Employer Retirement Plan Contribution Limits
The elective annual contribution limit for employees who participate in an employer retirement plan has been increased from $17,500 to $18,000. This contribution increase applies to 401k, 403b, 457, and Thrift Savings Plans.
Catch-Up Contribution Limit
The catch-up contribution limit for employees who are 50 years old or older who participate in an employer retirement plan has been increased from $5,500 to $6,000. This contribution increase applies to 401k, 403b, 457, and Thrift Savings Plans.
Traditional IRA Contribution Phase Out
The thresholds have been increased for the phase out of deductions allowed for contributions to traditional IRA plans. For those filing as single or head of household, the phase out that previously occurred between $60,000 and $70,000 in adjusted gross income has been increased to between $61,000 and $71,000.
For those filing as married filing jointly, the phase out that previously occurred between $96,000 and $116,000 in adjusted gross income has been increased to between $98,000 and $118,000 for those whose spouse is covered by a workplace retirement plan when the spouse is making the contribution. For IRA contributors who are not covered by a workplace retirement plan but is married to someone who is covered, the deduction is phased out between $183,000 and $183,000 rather than between $181,000 and $191,000.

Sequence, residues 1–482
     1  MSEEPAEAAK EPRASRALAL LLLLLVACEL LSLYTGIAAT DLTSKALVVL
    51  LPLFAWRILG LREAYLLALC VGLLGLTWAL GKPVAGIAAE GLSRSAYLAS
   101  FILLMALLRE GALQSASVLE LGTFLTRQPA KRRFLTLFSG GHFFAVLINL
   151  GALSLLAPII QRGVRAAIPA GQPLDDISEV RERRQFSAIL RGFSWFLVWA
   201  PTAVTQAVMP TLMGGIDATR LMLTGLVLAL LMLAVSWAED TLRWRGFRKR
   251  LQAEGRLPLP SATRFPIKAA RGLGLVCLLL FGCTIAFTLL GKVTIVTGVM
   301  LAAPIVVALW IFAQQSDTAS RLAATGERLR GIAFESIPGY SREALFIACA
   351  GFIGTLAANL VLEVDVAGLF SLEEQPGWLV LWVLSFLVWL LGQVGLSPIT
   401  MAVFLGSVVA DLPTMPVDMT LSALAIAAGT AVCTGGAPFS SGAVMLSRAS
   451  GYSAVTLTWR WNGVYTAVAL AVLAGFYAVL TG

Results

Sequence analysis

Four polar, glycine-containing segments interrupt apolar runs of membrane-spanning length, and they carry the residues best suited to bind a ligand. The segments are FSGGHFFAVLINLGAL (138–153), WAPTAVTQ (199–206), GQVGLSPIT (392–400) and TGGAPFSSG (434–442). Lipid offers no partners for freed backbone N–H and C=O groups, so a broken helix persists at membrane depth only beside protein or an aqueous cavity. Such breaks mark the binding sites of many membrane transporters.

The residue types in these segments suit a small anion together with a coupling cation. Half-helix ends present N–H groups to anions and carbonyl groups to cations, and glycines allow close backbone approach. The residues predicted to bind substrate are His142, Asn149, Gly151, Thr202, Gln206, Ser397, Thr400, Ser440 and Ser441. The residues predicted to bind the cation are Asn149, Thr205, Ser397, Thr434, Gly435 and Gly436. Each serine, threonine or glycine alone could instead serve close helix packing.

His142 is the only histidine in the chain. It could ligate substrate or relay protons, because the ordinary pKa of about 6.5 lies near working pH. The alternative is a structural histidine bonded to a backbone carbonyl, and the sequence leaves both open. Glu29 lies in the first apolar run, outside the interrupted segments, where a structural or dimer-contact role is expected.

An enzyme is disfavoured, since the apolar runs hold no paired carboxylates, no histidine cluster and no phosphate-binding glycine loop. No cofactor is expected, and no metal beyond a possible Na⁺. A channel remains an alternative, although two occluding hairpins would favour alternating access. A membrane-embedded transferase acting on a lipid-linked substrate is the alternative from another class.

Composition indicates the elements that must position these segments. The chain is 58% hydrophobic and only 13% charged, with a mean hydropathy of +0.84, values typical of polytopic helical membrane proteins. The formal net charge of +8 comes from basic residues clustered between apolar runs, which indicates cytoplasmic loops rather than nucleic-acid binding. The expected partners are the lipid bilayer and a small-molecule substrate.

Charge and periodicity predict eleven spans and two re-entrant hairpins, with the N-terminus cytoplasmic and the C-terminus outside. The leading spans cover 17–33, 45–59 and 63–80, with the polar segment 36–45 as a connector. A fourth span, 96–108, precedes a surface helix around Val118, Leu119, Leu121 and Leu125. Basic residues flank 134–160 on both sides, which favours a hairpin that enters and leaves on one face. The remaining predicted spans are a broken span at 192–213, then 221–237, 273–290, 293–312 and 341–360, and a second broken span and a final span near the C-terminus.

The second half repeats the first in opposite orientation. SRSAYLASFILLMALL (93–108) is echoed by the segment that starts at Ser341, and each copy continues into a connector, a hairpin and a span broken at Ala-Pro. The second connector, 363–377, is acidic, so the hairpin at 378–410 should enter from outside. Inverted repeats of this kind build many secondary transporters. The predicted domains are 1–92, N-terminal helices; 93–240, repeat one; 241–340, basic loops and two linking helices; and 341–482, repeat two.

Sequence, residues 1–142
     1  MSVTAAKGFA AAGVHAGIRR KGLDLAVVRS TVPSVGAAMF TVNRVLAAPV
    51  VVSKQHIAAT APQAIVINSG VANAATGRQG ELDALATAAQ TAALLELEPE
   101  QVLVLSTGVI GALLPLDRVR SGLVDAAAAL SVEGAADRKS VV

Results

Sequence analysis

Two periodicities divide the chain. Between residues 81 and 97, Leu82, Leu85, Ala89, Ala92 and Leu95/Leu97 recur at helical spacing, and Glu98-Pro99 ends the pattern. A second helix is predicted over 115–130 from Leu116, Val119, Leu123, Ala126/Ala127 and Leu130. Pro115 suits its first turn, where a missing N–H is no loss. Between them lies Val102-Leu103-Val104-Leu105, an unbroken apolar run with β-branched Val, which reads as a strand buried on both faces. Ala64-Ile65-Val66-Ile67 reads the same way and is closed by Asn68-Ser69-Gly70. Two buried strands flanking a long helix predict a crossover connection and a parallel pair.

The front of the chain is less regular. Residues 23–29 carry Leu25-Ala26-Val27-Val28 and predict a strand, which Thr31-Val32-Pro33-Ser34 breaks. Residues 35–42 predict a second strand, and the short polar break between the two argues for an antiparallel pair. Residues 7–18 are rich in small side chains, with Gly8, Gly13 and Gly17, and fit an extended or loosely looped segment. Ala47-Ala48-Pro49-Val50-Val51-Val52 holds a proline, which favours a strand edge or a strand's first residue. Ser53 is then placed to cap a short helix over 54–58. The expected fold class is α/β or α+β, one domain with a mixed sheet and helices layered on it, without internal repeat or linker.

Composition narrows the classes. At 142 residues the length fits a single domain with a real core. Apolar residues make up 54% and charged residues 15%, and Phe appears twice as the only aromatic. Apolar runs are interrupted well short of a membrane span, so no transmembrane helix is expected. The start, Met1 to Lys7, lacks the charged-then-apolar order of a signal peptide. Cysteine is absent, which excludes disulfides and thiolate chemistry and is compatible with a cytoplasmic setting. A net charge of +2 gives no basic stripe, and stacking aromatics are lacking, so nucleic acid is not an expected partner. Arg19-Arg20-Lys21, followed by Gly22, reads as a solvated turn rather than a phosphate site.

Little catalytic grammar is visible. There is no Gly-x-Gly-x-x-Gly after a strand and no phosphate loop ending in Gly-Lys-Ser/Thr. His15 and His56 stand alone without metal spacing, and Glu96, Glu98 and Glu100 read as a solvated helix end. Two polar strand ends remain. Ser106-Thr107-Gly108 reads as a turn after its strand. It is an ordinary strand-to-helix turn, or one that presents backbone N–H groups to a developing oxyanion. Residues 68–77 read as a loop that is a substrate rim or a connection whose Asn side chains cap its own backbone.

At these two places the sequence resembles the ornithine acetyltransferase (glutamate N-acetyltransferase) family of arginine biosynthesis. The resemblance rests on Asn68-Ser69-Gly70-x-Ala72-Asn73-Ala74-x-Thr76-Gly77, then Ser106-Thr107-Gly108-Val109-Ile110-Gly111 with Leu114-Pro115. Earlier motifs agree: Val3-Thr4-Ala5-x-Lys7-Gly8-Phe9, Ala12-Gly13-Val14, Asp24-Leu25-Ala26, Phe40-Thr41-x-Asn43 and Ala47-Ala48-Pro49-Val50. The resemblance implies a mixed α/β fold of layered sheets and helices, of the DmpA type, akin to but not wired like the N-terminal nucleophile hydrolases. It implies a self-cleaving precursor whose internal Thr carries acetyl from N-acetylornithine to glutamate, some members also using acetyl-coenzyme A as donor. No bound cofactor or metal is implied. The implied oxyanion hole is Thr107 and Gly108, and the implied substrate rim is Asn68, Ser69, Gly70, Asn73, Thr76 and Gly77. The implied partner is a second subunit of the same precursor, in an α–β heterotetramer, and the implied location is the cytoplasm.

Roth IRA Contribution Phase Out
The thresholds have been increased for the phase out of deductions allowed for contributions to Roth IRA plans. For those filing as single or head of household, the phase out that previously occurred between $114,000 and $129,000 in adjusted gross income has been increased to between $116,000 and $131,000. For those filing as married filing jointly, the phase out has been increase from between $181,000 and $191,000 to between $183,000 and $193,000.
Retirement Savings Contribution Credit
The adjusted gross income limit for the retirement savings contribution credit has been increased from $60,000 to $61,000 for those filing married filing jointly, from $45,000 to $45,750 for those filing head of household, and from $30,000 to $30,500 for those filing married filing separately.
How will these pension plan and 401k contribution limits affect me?
How these changes will affect you will depend on your individual circumstances, as the affect varies on your filing status, level of income, and the types of plans made available to you by your employer. To get help, you need to speak with a tax attorney.
A tax attorney will have the education and experience to apply these tax law changes to your situation. By completing the form below or call the number located at the top of this web site, you can get the help you need to make sure you maximize your tax savings based on these changes. Since the initial consultation is free of charge, you have every reason to make the call today.
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The Taxpayer Advocate Service, or TAS, is an independent organization within the IRS. The goal of the Taxpayer Advocate Service is to help make sure that when taxpayers raise issues to the IRS, the IRS hears those issues clearly and addresses them fully.